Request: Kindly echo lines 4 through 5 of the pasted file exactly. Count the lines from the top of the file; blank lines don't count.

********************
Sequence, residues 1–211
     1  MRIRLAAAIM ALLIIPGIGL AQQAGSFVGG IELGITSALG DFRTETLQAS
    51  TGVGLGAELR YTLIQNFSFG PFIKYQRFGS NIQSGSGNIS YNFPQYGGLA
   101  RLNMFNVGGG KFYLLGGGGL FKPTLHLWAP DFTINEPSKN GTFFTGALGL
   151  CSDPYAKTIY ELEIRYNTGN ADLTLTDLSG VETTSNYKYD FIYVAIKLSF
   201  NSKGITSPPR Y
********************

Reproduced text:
   101  RLNMFNVGGG KFYLLGGGGL FKPTLHLWAP DFTINEPSKN GTFFTGALGL
   151  CSDPYAKTIY ELEIRYNTGN ADLTLTDLSG VETTSNYKYD FIYVAIKLSF